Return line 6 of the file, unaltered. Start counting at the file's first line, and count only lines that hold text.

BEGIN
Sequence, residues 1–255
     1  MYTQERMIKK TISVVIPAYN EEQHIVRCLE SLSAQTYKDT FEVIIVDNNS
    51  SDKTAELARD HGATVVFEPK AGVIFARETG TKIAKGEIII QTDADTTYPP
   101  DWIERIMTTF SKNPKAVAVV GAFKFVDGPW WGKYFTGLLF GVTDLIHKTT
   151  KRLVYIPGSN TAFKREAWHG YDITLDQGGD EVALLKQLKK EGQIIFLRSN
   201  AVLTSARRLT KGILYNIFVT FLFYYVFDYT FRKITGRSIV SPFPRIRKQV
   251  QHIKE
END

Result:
   201  AVLTSARRLT KGILYNIFVT FLFYYVFDYT FRKITGRSIV SPFPRIRKQV